Rep. Speigelman also argued that criminals who cannot possess a firearm are already obtaining weapons illegally and would likely ignore the private background check law.

“If they’re prohibited from owning the firearm then what is going to stop them from simply ignoring this bill and obtaining a firearm through various purposes anyway,” asked Speigelman. “Criminals don’t follow the law so how are we going to force criminals to follow the law if they’re already criminals for not being able to own the gun in the first place?”

Lippstone explained that the private background check would begin eliminating the availability of illegal firearms floating around the state because it would extend the paper trail of who obtains the gun.

“Every fire arm starts out as a legal firearm, meaning it starts out in the legal stream of commence,” said Lippstone. “Under federal laws and regulations, you can trace a firearm from the manufacturer to a distributor, you can trace it from a distributor to the dealer, you can trace it from the dealer to the first purchaser from an FFL. From there, the trail runs cold. There’s no requirement under Delaware law that individuals undergo background check in connection with those private sales so, all of these things add up to the point that background checks work”

He added that the government wouldn’t be the ones storing the background check information and would have little involvement.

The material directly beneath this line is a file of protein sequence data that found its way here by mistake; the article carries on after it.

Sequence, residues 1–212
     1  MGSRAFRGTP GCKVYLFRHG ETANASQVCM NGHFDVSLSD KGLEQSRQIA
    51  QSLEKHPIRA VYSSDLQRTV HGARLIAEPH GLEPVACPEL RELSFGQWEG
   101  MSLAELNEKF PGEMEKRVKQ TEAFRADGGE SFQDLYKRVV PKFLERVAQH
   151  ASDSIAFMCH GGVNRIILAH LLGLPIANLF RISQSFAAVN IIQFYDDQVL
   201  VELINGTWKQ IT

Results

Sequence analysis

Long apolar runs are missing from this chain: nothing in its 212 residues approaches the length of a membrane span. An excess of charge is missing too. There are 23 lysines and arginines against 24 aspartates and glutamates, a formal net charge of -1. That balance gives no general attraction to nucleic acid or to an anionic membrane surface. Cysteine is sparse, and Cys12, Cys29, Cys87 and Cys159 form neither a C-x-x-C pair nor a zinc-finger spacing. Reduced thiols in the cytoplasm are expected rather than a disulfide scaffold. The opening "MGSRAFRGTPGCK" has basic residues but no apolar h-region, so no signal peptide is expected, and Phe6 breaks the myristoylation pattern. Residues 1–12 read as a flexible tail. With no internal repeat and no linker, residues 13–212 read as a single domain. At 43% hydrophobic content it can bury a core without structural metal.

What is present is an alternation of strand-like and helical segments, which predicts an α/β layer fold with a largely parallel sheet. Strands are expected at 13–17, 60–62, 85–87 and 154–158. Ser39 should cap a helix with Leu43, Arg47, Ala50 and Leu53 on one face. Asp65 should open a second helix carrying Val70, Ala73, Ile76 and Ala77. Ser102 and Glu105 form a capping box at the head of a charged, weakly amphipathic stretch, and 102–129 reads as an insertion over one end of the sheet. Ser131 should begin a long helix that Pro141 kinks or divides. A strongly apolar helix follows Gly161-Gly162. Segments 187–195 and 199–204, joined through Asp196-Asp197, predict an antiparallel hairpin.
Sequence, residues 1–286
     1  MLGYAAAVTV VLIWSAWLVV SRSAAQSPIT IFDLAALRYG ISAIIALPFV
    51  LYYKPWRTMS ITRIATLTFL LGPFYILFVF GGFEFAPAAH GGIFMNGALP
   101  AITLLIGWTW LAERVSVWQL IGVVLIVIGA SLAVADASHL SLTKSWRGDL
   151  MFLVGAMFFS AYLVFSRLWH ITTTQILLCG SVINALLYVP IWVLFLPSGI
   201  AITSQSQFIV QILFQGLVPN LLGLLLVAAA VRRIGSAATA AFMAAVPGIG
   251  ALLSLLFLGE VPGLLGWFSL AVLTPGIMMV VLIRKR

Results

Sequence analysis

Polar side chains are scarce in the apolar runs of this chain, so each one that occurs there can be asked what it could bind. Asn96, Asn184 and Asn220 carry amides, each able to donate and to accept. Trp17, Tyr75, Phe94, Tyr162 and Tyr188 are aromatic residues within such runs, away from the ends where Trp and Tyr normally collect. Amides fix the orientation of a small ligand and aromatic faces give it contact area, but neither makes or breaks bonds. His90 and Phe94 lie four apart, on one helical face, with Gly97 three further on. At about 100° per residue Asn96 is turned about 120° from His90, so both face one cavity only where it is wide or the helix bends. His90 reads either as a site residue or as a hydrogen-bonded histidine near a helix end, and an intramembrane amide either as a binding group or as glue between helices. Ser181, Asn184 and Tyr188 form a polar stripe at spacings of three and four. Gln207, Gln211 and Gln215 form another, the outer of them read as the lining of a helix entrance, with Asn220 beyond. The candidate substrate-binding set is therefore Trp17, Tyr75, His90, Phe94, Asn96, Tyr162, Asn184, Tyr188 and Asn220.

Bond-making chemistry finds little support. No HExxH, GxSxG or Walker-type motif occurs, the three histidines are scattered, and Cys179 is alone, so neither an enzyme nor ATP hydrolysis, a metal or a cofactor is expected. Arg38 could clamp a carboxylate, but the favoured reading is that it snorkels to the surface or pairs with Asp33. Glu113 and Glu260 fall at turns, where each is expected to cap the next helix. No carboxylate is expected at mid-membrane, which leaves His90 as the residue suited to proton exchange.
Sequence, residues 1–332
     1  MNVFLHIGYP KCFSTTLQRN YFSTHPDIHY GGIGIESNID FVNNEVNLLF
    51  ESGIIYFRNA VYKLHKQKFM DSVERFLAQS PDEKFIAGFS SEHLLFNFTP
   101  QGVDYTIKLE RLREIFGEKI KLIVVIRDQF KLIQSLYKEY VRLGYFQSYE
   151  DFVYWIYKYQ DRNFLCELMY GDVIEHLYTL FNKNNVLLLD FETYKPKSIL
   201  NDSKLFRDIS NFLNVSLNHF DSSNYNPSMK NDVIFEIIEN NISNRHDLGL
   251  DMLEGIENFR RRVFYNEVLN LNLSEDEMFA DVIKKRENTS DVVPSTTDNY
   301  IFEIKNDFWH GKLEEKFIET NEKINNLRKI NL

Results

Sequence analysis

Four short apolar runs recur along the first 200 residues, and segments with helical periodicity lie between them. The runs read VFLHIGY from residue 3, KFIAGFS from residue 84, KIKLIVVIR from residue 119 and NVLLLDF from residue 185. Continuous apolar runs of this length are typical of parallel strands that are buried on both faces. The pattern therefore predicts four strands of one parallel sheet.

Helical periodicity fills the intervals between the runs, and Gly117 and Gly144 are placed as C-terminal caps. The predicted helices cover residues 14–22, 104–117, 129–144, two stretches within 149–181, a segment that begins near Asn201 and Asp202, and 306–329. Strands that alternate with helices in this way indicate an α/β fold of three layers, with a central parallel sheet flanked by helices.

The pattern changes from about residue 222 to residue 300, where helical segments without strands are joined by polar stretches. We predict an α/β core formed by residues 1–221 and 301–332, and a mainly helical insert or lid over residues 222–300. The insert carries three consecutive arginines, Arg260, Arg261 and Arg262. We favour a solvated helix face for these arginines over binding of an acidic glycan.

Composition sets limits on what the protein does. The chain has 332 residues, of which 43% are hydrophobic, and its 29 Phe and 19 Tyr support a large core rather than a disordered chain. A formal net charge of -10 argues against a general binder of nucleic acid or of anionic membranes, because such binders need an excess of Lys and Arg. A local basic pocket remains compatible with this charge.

“The records are kept at a licensed dealer,” said Lippstone. “Except for the religious exception that we talked about, the government will not be involved. These are records kept at a licensed dealer at the place of business with respect to the firearms they sell from their own inventory.”  

Bob Miller, co-owner of Miller’s Gun Center in New Castle provided his expertise as a veteran fire arms dealer. He said it’s already common for private sellers to inquire about background checks.

“I don’t think it’s unreasonable to have two individuals selling a firearm, have it transferred to a licensed dealer,” said Miller. “We probably get somewhere between 10-25 phone calls a week, where private citizens want to do the right thing. And they ask the question and we’ll take the time and explain to them that by state law, it is not required that you transfer a firearm through a licensed dealer, if you’re selling it from one private citizen to another. We get individuals who want to sell a firearm to a neighbor or a family member or a co-worker. But we advise them to always look at the situation. If the fire arm is stolen from your friend or your coworker, that ultimately it could end up in a crime and it is a prudent thing to do to spend the time and energy to have the firearm transferred to a licensed dealer.”

Testimony from the public was expressed as well including individuals on behalf of the NRA, private gun sellers, family court and the Delaware Coalition Against Gun Violence.

A continuation of the hearing on House Bill 35 is set for March 20.